The flimsiness and inconsequential value of these bills has caused a good many to blost, thrown away or destroyed (an American acquaintance confessed to having lit a cigar with one). As a result, the issuing banks are millions of lire the richer.

The problem of easily recognizable currency has not been aided by another development since my last visit: Three new bills have been issued by the government itself: a 20,000-lire note, a 2000-lire note and a new design for the 500-lire note. Imagine the frustration of sorting through a wide variety of small-change notes, two types of 500-lire notes, a 1,000-, 2000-, 5000-, 10,000 and 20,000-lire note and still having less that $45 to show for the effort. And to think that we had so much trouble accommodating the $2 bill!

The amibale proprietor of a stationery and toy store explained another wrinkle in the situation. The circulating checks, issued by banks all over Italy, each offering unique designs, have become collector's items. The stationer explained that in addition, there are counterfeit issues of some of the circulating checks and far from being worthless when discovered, these are even more valuable that the genuine checks - as collectors' items.

The stationer himself assured me that he was not a collector. Nor was he eager to accumulate the ciruclating checks. He showed me how he kept two change boxes under the counter, one with the paper change, one with coins. When customers passed him paper, he passed them paper in return. If someone insisted on coins, he took out the other box to make change.

He also had an explantion for lack of metal coins (arising from the sort of hoarding he and probably the rest of Italy is doing, i.e., put the coins in your piggy bank and pass the paper to the butcher). The government minting machine was missing for a while (missing?), but now they have a new one and can begin to make more coins.

The director of our local branch of the Cassa di Risparmio had a different explanations. He said the government had previously delegated the minting to a private concern but was now taking over the operation. The transition caused a slowdown in production. "It's the government's fault," he explained. At least that takes the onus off Italy's tourist population, long accused of carrying off the coins in their pockets. Unfortunately, that's an incontrovertible charge. Banks will not convert spiccioli back into foreign currencies, so the coins go back home as souvenirs or "play money" for the children.

According to our shipping-director friend, the coin machines are neither missing nor in private hands. The old machines, government-owned, simply couldn't keep up with demand.New government machines were being made. The owner of the local delicatessen agrees. However, he laments, even with the new machines, the government can't get the coins into circulation fast enough. He blames the tourists and, in addition, the vending machines, claiming that the coins swallowed up by bus-ticket machines or cigarette machines don't return to circulation for at least six months.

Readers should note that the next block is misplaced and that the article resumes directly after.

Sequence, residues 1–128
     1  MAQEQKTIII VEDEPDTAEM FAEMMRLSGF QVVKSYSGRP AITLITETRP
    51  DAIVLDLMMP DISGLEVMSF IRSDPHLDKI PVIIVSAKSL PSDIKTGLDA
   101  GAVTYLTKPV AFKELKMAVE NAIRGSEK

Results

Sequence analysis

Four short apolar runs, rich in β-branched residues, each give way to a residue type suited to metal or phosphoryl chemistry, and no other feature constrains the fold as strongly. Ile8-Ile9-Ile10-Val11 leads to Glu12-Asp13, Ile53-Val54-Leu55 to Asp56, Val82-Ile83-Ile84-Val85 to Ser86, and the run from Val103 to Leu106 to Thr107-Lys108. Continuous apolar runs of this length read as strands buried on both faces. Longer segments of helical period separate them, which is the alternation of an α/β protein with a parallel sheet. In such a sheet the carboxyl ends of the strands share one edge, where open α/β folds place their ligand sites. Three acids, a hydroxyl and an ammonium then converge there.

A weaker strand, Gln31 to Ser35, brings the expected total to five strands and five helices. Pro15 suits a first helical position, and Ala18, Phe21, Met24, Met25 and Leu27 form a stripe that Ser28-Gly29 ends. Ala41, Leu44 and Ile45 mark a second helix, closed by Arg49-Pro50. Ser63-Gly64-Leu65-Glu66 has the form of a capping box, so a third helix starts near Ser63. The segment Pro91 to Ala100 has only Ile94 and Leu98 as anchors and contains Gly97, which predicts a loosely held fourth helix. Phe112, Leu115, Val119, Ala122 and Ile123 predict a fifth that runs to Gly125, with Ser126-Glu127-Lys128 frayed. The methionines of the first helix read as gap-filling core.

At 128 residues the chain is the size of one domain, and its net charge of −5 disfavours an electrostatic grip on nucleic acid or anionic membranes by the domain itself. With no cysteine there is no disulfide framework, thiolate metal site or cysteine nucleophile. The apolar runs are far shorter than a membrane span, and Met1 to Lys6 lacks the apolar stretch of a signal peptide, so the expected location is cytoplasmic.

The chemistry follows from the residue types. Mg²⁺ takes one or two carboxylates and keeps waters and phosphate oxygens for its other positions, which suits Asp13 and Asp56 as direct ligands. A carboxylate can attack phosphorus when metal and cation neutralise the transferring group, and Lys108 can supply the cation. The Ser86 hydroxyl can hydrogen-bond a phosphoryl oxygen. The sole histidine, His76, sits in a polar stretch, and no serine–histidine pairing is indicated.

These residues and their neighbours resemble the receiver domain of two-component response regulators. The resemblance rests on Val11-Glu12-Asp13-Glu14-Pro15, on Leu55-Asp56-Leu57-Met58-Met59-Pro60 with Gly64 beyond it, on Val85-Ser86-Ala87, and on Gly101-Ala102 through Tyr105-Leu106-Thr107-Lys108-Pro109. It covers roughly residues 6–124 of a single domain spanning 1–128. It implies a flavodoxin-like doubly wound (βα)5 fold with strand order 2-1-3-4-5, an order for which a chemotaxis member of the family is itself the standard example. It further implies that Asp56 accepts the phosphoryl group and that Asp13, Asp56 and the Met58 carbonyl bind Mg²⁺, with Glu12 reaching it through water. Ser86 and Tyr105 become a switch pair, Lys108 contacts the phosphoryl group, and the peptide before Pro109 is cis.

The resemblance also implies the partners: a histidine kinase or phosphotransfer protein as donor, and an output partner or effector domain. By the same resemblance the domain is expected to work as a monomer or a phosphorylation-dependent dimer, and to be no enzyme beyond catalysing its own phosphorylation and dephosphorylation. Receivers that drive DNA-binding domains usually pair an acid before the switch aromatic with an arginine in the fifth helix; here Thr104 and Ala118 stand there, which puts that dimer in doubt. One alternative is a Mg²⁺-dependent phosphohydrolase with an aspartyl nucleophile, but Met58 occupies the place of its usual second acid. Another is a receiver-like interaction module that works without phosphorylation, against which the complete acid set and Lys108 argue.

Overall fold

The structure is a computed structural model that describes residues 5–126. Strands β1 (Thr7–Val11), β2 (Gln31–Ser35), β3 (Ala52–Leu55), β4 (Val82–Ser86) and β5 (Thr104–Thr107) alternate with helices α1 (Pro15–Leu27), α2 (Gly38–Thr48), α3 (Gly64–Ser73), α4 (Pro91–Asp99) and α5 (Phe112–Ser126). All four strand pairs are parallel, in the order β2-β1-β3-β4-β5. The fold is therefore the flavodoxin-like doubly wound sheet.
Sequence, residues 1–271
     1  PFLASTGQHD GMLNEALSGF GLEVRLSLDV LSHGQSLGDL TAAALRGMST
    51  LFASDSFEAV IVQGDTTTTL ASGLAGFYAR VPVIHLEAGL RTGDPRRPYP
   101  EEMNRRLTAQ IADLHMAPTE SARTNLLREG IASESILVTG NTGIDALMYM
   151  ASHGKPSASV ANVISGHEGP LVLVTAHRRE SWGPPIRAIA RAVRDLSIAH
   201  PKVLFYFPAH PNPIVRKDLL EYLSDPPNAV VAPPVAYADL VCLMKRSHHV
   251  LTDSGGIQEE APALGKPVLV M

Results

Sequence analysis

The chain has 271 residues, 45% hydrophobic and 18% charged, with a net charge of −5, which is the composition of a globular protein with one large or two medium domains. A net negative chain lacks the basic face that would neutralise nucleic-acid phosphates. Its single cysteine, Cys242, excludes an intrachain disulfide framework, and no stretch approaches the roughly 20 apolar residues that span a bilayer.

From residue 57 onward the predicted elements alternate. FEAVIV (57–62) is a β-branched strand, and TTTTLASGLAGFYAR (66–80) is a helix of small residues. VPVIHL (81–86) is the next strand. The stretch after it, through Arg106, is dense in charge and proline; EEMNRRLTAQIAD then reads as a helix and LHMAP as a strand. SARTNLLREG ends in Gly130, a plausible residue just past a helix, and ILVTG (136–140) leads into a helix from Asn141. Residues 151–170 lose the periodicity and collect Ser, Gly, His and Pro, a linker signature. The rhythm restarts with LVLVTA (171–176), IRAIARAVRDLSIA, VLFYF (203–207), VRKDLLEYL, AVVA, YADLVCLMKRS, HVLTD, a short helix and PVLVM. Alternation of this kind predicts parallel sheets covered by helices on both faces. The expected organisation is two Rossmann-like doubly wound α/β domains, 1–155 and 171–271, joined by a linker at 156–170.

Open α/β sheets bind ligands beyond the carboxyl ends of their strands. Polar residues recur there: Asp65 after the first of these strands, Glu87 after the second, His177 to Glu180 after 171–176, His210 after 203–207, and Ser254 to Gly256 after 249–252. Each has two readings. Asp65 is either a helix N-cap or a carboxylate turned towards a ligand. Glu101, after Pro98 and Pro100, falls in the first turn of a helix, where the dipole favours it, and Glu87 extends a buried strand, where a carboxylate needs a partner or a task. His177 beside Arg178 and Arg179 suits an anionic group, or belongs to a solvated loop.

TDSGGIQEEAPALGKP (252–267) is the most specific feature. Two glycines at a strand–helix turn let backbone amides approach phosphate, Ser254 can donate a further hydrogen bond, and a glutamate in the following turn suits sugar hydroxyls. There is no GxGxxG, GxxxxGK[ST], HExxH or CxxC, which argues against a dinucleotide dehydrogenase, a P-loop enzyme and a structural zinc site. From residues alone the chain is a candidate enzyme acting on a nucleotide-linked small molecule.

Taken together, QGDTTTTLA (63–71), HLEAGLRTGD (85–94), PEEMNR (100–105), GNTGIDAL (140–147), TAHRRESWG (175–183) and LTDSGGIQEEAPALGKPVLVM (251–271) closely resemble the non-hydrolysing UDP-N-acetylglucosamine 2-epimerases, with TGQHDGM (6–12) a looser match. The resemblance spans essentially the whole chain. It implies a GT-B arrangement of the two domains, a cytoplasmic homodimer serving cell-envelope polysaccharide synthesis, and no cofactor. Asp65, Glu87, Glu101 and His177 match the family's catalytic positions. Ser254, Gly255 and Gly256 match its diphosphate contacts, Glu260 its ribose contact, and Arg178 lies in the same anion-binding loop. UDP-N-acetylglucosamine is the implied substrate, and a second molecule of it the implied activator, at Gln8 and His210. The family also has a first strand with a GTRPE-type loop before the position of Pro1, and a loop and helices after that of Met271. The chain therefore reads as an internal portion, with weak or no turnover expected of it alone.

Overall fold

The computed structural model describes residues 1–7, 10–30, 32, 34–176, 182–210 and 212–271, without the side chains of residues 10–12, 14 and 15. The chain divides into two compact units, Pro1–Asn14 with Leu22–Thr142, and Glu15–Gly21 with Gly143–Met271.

I called the Bance C. Steinhauslin & C. for further enlightenment. The voice at the other end of the line voted with the man from the deli ("It's the vending machines"), but the reason he gave for the new minting machines not being able to keep pace is that they haven't gone into production yet. "Next Fall," he said. "September of October." We'll see.

Stopping in at the imposing Banca Nazionale del Lavoro under the heavy arcade that backs the Piazza della Republica, I tried to pin down one of the tellers about the circulating checks. "They're just the same as money," he replied. He hastily added, "Of course you don't have to accept them if you don't want to." I asked what would happed if the government took them out of circulation, declaring them definitively illegal. Would those remaining in private hands be worthless? The teller leaned forward and lowered his voice conspiratorially. "You've got a lot of them?" I admitted I hadn't. "Well, then . . ." He dismissed me with a shrug.

I got the point. If the system works, and I haven't invested heavily in it anyway, why should I care how it functions or where it's headed? It's just my lack of Latin blood that makes me hunger for logic and efficiency. Still, if all those enterprising banks printing up their own money would only come to some accord about a standardized, color-coded system, petty economic transactions would be immeasurably simplified.

It's not as though the banks have no one to turn to. Surely, for the appropriate consulting fee, experts in the field would design and or print a color-and-size-coded system convenient to all. Of course, one could argue that this is precisely the role of the national government. Italian governments, however, are never around long enough to gain much expertise in any given field, and while they've done all right with the larger denominations, they don't seem to be equal to the problem of small change. Personally, I'd award the monopoly to Parker Brothers.After all, they've been in the money-making business for decades.